703 KAR 5:070, March 2004, pages 11-12
Accommodations or modifications or both, when consistent with the normal on-going delivery of instructional services, may include:
1. Administration Strategies:
· reading text to student in English;
· paraphrasing directions for tasks in English or in the student’s primary language;
· oral translation of text to the student’s primary language;
· administering assessments to small groups of students whose primary language is not English to enable paraphrasing in accordance with paraphrasing guidelines in Section 6 of this regulation and/or translations to student’s primary language; and
· administering a single form of the test to a small group of Limited English Proficient students receiving the accommodation of primary language interpretation because a limited number of staff with skills in the student’s native language are available.
2. Processing and Response Strategies:
· extended time
· use of foreign language dictionaries and glossaries that provide translations to student’s primary language;
· use of word processor or typewriter; and
· use of grammar or spell-check systems.
703 KAR 5:070, March 2004, pages 13-14
Appropriate accommodation and modifications for students with limited English proficiency will be written into each student’s Program Services Plan. In early spring, classroom teachers will be asked to confirm the accommodations/modifications that have been implemented as a part of the students’ daily instructional routine by using a checklist created, distributed, and monitored by NKCES. The ESL consultants at NKCES then distribute final assessment accommodations information to the district Title III consultant and/or DAC.
In accordance with No Child Left Behind, districts are required to provide a “highly qualified” teacher for LEP students if the teacher is presenting new core content material to a student for the first time. “Highly qualified” has been defined by EPSB as a teacher certified in the area he/she is teaching who holds the endorsement for ESL. However, if the teacher is reviewing or paraphrasing core content then districts are encouraged to provide a “highly qualified” teacher for LEP students. In the event that a district is unable to provide “highly qualified” personnel, the district is responsible for ensuring the education and training of the personnel providing instruction to the LEP students. Each district determines the program of education for non-qualified personnel. If districts utilize bilingual or multilingual individuals who are involved in the instruction of LEP students the district must ensure the fluency of the individual in the languages of instruction.
To assist with these requirements the district employs the support of the Northern Kentucky Cooperative for Educational Services and their ESL Consultants. The ESL Consultants provide staff meeting trainings, professional development opportunities, and on-site consultation available to all district staff. These opportunities explain and detail methodology, instructional strategies, legal responsibilities, second language acquisition reasons for student difficulties, accommodations and modifications, discussion of resource materials, and much more.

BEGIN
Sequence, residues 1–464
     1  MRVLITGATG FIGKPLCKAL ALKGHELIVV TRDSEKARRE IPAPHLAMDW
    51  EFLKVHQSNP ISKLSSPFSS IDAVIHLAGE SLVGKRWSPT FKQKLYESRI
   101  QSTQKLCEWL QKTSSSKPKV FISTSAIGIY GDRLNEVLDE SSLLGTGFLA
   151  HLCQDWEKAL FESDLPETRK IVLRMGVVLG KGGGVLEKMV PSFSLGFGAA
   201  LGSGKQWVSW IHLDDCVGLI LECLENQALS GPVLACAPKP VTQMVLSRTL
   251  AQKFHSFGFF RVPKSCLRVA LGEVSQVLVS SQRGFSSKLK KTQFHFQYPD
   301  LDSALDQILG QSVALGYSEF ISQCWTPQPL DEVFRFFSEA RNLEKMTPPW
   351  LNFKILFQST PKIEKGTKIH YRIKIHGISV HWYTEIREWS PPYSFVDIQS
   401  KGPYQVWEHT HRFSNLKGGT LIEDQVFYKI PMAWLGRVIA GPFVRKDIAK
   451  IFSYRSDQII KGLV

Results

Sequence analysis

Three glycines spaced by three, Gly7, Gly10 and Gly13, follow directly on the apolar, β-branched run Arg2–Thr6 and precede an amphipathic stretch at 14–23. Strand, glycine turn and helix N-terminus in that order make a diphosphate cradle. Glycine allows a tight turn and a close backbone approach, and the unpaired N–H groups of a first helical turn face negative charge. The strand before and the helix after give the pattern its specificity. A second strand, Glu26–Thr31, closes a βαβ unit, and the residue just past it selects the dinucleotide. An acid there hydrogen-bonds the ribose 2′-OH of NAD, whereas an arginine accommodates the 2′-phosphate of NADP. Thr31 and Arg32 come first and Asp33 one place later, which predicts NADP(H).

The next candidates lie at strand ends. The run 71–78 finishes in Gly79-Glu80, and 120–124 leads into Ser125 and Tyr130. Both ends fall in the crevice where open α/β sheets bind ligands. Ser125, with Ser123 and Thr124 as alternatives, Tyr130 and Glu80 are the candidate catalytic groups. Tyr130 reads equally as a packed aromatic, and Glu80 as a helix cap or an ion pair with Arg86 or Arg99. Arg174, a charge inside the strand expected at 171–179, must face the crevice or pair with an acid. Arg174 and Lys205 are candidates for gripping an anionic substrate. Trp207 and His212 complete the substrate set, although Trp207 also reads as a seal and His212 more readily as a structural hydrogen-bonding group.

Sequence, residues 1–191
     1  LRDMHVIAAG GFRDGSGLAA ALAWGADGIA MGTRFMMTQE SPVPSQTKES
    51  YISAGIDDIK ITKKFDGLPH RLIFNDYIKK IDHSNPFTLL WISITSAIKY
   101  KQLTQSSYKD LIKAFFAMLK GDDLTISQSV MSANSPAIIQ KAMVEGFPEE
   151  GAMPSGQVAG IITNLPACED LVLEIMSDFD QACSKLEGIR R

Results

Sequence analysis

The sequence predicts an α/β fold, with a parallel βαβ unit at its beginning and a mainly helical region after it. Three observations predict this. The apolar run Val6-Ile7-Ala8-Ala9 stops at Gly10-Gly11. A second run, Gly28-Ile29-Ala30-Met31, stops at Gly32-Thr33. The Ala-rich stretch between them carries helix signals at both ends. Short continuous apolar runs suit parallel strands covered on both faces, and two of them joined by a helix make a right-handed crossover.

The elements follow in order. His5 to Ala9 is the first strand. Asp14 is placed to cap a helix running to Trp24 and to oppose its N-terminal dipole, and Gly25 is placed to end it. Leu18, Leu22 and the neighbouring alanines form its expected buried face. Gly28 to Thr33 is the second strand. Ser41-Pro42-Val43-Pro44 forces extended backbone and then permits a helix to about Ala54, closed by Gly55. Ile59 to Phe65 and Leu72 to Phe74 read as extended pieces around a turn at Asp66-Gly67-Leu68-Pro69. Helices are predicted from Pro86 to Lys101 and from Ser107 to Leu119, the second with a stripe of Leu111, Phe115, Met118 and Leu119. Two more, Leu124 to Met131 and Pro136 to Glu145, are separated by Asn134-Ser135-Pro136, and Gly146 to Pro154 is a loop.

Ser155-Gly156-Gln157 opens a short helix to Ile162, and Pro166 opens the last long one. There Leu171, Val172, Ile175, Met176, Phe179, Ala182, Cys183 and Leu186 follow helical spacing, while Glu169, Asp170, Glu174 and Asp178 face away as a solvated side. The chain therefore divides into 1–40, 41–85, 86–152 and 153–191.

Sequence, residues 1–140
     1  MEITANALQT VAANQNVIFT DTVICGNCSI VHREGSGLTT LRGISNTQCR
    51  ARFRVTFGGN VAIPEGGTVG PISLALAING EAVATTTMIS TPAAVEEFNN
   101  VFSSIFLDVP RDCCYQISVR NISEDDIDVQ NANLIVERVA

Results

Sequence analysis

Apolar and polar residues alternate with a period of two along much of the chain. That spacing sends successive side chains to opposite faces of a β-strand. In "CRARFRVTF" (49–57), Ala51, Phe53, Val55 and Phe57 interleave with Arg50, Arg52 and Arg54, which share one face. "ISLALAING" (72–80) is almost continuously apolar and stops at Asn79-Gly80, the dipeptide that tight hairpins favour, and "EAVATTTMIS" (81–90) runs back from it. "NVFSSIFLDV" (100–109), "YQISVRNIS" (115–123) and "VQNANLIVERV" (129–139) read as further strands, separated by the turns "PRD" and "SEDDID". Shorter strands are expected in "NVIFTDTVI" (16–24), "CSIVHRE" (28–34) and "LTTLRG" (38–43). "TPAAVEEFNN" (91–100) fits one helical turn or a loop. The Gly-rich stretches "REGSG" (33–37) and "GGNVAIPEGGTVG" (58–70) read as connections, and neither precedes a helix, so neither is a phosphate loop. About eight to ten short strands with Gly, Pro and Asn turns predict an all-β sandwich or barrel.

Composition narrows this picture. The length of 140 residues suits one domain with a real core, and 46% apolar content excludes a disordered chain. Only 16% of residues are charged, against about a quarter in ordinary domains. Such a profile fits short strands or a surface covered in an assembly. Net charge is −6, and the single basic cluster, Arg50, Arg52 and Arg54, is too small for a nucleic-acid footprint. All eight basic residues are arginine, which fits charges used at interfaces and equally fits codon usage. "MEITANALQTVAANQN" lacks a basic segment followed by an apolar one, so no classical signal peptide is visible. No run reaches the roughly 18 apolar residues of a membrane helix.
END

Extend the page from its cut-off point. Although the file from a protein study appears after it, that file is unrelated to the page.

The ESL Consultant will reevaluate LEP students yearly for language proficiency and re-designation will be made based on the results of said reevaluation and consultation with school personnel. According to Jim Cummins (1994), ESL students will average anywhere from 5-7 years of language instruction to be academically “caught up” with their peers. Therefore, the ESL Program will strive to improve the language proficiency of its participating students within 5-7 years of placement. For those with limited formal schooling this period increases to 7-10 years. This is influenced by several factors including:
LEP students are held to the same academic standards as all students enrolled in Kentucky’s public schools. Classroom teachers will monitor and measure LEP students’ academic achievement and utilize accommodations and modifications listed in the student’s PSP in the classroom to ensure academic growth. See section V for information on inclusion in Kentucky’s accountability system.
LEP students may exhibit academic strengths that warrant a recommendation of gifted/talented by classroom teachers, counselor, or the ESL Consultant. In such an event, students will be referred to the district’s gifted/talented coordinator for review. The ESL Consultant should be informed of any placement in order to lend support to the teachers involved.
Should LEP students display weakness in a skill area, academic ability, or be suspected of having a learning disability, the ESL consultant at NKCES should be notified immediately. NKCES will then follow the procedure outlined in the document entitled “Special Education Referral Procedure.”
A district is not required to test pre-K students who may be considered LEP. However, because NKCES does have access to the PreLAS assessment it will be given to pre-K students as they are referred. Formal Program Services Plans (PSP) will not be developed for pre-K students although NKCES ESL consultants will work closely with pre-K teachers to ensure the students are gaining proficiency in the English language as well as academic issues such as letters, numbers, shapes, and colors. Once pre-K students are enrolled in the first grade they will be retested using the PreLAS and a conference with the pre-K teacher, parent, and ESL consultant will be recommended. If the student is found to be limited English proficient they will receive a formal PSP and will be officially enrolled in LEP services.